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Gregory_Lewis comments on The person-affecting value of existential risk reduction - Effective Altruism Forum

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Comment author: Gregory_Lewis 13 April 2018 10:19:18PM 4 points [-]

As you've noted in the comments, you model this as $1bn total, rather than $1bn a year. Ignoring the fact that the person affecting advocate (PAA) only cares about present people (at time of initial decision to spend), if the cost-effectivneness is even 10 lower then it probably no long counts as a good buy.

No, in my comments I note precisely the opposite. The model assumes 1B per year. If the cost is 1B total to reduce risk for the subsequent century, the numbers get more optimistic (100x optimistic if you buy counterpart-y views, but still somewhat better if you discount the benefit in future years by how many from the initial cohort remain alive).

Further, the model is time-uniform, so it can collapse into a 'I can spend 1B in 2018 to reduce xrisk in this year by 1% from a 0.01% baseline, and the same number gets spit out. So if a PAA buys these numbers (as Alex says, I think my offers skew conservative to xrisk consensus if we take them as amortized across-century risk, they might be about right/'optimistic' if they are taken as an estimate for this year alone), this looks an approximately good buy.

Population ethics generally, and PA views within them, are far from my expertise. I guess I'd be surprised if pricing by TRIA gives a huge discount, as I take most people consider themselves pretty psychologically continuous from the ages of ~15 onwards. If this isn't true, or consensus view amongst PAAs is "TRIA, and we're mistaken to our degree of psychological continuity", then this plausibly shaves off an order of magnitude-ish and plonks it more in the 'probably not a good buy' category.

Comment author: MichaelPlant 13 April 2018 10:53:55PM 1 point [-]

No, in my comments I note precisely the opposite

In which case I'm not understanding your model. The 'Cost per life year' box is $1bn/EV. How is that not a one off of $1bn? What have I missed?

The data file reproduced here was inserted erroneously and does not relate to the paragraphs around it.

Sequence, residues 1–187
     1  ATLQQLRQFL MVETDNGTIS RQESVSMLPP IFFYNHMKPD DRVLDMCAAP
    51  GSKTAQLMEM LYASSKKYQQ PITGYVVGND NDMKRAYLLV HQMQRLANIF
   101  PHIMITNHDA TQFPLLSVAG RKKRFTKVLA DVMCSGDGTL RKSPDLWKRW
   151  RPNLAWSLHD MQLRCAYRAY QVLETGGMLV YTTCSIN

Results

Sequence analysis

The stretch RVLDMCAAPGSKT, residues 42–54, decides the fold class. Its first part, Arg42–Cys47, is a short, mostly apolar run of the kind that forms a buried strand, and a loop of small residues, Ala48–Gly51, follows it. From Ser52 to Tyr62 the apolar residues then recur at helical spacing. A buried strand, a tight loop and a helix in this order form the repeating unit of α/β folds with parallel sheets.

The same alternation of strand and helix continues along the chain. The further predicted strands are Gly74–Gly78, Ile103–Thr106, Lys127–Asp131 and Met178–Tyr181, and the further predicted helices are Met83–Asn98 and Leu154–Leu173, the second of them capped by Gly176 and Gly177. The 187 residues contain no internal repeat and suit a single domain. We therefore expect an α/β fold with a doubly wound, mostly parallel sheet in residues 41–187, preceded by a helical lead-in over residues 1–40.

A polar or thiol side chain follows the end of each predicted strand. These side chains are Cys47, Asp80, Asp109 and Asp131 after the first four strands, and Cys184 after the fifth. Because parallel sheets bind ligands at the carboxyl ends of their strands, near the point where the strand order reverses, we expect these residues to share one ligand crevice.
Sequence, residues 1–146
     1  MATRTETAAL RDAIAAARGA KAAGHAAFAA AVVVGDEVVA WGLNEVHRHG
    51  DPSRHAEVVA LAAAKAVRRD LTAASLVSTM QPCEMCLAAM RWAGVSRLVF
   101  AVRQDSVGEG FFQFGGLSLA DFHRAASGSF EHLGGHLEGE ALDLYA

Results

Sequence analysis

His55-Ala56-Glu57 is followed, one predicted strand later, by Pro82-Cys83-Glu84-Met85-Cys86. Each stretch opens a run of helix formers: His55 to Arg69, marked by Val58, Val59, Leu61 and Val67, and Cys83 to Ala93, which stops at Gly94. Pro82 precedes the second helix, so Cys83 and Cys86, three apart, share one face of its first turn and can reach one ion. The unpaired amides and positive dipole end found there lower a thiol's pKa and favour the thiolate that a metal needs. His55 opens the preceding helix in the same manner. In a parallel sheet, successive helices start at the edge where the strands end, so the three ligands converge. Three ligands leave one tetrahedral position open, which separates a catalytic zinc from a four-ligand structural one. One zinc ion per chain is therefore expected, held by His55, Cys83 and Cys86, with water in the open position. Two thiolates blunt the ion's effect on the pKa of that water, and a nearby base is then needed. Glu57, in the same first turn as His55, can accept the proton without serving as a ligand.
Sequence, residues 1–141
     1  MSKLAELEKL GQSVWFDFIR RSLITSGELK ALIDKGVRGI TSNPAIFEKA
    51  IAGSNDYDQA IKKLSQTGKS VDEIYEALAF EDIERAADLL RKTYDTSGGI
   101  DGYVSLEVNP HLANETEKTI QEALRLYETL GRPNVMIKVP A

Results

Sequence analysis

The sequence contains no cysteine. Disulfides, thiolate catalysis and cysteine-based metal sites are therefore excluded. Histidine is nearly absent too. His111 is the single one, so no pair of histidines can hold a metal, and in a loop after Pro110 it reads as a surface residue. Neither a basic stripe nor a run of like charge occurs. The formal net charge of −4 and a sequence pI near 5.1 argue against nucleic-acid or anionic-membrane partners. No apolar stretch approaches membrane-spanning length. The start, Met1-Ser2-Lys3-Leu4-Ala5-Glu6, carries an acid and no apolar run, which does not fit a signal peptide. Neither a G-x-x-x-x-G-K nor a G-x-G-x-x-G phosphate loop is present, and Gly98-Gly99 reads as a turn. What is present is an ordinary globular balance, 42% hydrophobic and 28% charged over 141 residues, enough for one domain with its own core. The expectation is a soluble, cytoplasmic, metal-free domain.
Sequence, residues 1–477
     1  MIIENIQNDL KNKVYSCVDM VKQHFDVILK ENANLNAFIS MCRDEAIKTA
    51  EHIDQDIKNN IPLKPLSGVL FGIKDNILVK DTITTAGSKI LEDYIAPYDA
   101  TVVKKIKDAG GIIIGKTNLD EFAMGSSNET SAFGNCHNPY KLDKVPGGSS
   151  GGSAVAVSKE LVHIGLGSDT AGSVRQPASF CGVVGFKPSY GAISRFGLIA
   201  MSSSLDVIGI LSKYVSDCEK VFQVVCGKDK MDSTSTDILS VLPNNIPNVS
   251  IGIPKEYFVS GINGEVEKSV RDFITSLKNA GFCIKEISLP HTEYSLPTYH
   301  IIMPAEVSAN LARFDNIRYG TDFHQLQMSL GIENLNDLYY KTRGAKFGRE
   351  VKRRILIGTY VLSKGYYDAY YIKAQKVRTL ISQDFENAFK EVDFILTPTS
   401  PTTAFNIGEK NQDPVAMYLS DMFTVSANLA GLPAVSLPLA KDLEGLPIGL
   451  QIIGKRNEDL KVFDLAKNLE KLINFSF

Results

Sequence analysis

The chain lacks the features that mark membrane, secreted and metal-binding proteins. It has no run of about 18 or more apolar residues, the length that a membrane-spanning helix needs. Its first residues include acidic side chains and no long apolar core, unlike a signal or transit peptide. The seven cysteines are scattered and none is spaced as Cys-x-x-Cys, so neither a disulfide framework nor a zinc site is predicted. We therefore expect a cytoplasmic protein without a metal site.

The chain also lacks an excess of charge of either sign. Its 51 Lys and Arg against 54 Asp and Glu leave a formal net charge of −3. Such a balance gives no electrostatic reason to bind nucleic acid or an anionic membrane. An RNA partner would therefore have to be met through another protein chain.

If the cost is 1B total to reduce risk for the subsequent century

As noted above, if people only live 70 years, then on PAA there's no point wondering what happens after 70 years.

I guess I'd be surprised if pricing by TRIA gives a huge discount

yeah, I don't think people have looked at this enough to form views on the figure. McMahan does want to discount future wellbeing for people by some amount, but is reluctant to be pushed into giving a number. I'd guess it's something like 2% a year. The effect something like assuming a 2% pure time discount.

Comment author: Gregory_Lewis 14 April 2018 12:07:15AM 0 points [-]

The EV in question is the reduction in x-risk for a single year, not across the century. I'll change the wording to make this clearer.

Comment author: MichaelPlant 14 April 2018 11:20:33AM 0 points [-]

Ah. So the EV is for a single year. But I still only see $1bn. So your number is "this is the cost per life year saved if we spend the money this year and it causes an instanteous reduction in X-risk for this year"?

So your figure is the cost effectiveness of reducing instanteous X-risk at Tn, where Tn is now, whenever now is. But it's not the cost effectiveness of that reduction at Tf, where Tf is some year in the future, because the further in the future this occurs, the less the EV is on PAA. If I'm wondering what the cost-effectiveness, from the perspective of T0, it would be to spend $1bn in 10 years and cause a reduction at T10, on your model I increase the mean age by 10 years to 48, the average cost per year become $12k. From the perspective of T10, reducing X-risk in the way you say at T10 is, again $9k.